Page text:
Language Selection

English French German Italian Portuguese Spanish

A deal made in Washington?

Filed under
Sci/Tech
Legal

On May 26, my friend and former colleague, Dan Glickman, of the Motion Picture Association of America, made the case for Congress enacting legislation to ratify the Federal Communication Commission's broadcast flag rule, which the Court of Appeals for the D.C. Circuit struck down in early May.

Mr. Glickman asked the rhetorical question: "So why should I care about a so-called broadcast flag regulation? The answer is simple. I want to make certain that the American people will continue to have the opportunity to see our movies and television shows on free television in the digital age."

For me, the answer to his rhetorical question is simple as well: If the MPAA expects Congress to ratify a rule that would limit the ability of ordinary consumers to share lawfully acquired digital broadcast television programs with one another, then it shouldn't be surprised if Congress insists that the MPAA accept in return a restoration of the fair use rights taken from consumers through the enactment of the Digital Millennium Copyright Act (DMCA).

As crafted, the FCC's broadcast flag rule recognized the right of consumers to share lawfully acquired digital broadcast content within their homes. But it also would have made it illegal for my staff to send a digital broadcast news clip from my district office to my Washington, D.C., office via the Internet. It would have precluded a library from sharing with a patron via the Internet excerpts from a digitally broadcast public affairs program. And it would have limited the ability of teachers to use material from digitally broadcast programs when engaged in distance education with students in rural areas--the very kind of activity Congress authorized in the TEACH Act.

Given these restrictions on traditional fair use activities, I expect that my colleagues will think twice before simply ratifying the FCC's rule. Moreover, given that the rule raises the question of consumer use of lawfully acquired content, I am confident that the House Energy and Commerce Committee will consider the appropriateness of amending any broadcast flag legislation with H.R. 1201, a bill that I introduced along with the Chairman of the Committee and Representative John Doolittle, to restore the fair use rights that ordinary consumers lost when Congress enacted the DMCA.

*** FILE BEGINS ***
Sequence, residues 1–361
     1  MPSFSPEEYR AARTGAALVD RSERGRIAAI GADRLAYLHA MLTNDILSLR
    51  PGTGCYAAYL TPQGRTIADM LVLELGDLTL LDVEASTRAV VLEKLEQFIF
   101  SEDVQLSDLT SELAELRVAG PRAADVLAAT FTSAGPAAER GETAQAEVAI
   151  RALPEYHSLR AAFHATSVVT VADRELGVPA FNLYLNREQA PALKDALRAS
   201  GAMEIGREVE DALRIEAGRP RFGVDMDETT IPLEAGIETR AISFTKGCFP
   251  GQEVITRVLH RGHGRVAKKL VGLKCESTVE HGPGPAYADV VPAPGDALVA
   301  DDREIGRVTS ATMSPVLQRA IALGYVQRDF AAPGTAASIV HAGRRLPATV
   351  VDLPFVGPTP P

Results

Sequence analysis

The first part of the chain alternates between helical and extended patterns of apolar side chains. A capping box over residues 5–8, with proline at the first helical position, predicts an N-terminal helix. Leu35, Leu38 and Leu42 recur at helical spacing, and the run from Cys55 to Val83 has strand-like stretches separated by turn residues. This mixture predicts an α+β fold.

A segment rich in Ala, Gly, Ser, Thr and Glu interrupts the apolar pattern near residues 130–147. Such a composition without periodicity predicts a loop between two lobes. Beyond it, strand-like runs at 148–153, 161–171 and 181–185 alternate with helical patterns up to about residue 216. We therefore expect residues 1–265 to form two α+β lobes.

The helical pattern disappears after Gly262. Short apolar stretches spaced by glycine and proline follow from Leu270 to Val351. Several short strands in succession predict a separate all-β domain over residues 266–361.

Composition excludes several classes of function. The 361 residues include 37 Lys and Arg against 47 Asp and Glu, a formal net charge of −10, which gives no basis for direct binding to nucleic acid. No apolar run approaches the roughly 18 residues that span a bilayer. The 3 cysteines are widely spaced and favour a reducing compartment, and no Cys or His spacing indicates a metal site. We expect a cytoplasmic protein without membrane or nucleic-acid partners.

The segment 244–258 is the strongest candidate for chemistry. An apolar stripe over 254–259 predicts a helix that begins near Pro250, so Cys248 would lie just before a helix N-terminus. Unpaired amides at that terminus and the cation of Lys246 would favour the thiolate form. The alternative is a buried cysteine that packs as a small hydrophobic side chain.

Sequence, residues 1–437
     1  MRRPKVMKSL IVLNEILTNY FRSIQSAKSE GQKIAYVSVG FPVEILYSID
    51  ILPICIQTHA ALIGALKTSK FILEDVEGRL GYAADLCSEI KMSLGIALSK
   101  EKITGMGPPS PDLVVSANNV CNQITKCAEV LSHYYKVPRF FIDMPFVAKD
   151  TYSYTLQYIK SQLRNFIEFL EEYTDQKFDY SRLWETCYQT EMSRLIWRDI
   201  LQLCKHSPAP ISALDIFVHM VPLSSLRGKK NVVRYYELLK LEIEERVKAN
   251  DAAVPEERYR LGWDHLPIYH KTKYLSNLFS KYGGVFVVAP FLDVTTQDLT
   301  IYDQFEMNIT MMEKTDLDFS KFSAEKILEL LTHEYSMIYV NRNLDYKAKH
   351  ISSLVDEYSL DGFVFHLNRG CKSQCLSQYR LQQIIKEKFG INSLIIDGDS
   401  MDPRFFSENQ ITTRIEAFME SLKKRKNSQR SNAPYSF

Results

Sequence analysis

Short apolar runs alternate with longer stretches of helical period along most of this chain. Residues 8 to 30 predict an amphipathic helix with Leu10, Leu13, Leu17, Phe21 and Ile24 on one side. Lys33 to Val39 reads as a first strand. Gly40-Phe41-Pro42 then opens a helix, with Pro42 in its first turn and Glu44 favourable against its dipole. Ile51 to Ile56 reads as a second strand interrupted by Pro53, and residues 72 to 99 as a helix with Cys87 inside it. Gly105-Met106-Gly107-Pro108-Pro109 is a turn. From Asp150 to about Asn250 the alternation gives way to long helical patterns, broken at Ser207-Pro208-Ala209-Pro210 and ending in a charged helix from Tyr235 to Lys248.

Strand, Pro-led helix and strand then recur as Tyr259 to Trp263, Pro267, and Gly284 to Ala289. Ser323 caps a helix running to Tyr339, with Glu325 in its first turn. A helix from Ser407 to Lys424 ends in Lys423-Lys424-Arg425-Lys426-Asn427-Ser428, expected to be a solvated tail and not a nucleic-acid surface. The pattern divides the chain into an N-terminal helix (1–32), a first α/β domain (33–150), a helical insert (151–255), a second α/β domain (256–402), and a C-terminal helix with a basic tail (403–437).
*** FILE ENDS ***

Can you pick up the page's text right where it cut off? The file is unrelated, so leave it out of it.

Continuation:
Both fair use proponents and content owners frequently say we need balance in our copyright laws. I agree. Adding H.R. 1201 to appropriately crafted broadcast flag legislation would achieve a long needed balance--bringing us back to the equilibrium that existed before the DMCA disrupted it to the detriment of consumers, librarians, teachers and the public at large.

Congressman Rick Boucher
Virginia's Ninth Congressional District
Source.

More in Tux Machines

ExTiX 15.2 Is Based on Ubuntu 15.04 and Debian 8 Jessie, Features LXQt and KDE Editions

After announcing his new RaspArch distribution that helps users run the powerful Arch Linux distribution on a Raspberry Pi 2 Model B computer board, Arne Exton informed Softpedia about the immediate availability for download of the ExTiX 15.2 Linux operating system. Read more

RaspArch Offers an Easy Way to Run Arch Linux on Raspberry Pi 2

Arne Exton had the pleasure of informing Softpedia about a new distribution of GNU/Linux created from the ground up for the Raspberry Pi 2 tiny computer board and called RaspArch. Read more

Leftovers: Software

  • goobook: Command-line contacts
  • Calibre eBook Editor Gets Much Better Support for DOCX
    Calibre, a complete application to edit, view, and convert eBook files, has been updated yet again, and the developer has added a number of new features and various other fixes.
  • GNOME Builder - 3.16.2
    I released 3.16.0 a couple weeks ago without much fanfare. Despite many months of 16-hour days and weekends, it lacked some of the features I wanted to get into the "initial" release. So I didn't stop. I kept pushing through to make 3.16.2 the best that I could.
  • PacketFence v5.0 released
    The Inverse team is pleased to announce the immediate availability of PacketFence 5.0.0. This is a major release with new features, enhancements and important bug fixes. This release is considered ready for production use and upgrading from previous versions is strongly advised.
  • What are good open-source log monitoring tools on Linux
    In an operating system, logs are all about keeping track of events, be it critical system errors, resource usage warnings, transaction history, application status, or user activities. These logs, which are stored as (text or binary) files in the system, are useful for system auditing, debugging and maintenance. However, with so many different system entities generating log files, and even at growing rate, the challenge as a system admin is to how to "consume" these log files effectively.
  • Apache Fortress Core 1.0-RC40 released !
  • Say Hello to Open Source Puppet 4!
    Production-ready Open Source Puppet 4 is now available! We’re excited to announce new features and enhancements that will extend your use of Puppet for faster, more consistent management of server configurations. We’ve added capabilities to help you save time, reduce errors, and increase reliability.
  • textprint: Visually impressive, in only 18K
    textprint takes a flat data file as input, and arranges it graphically to fit the terminal without distorting the image. From there, textprint goes from zero-to-60, in about two seconds.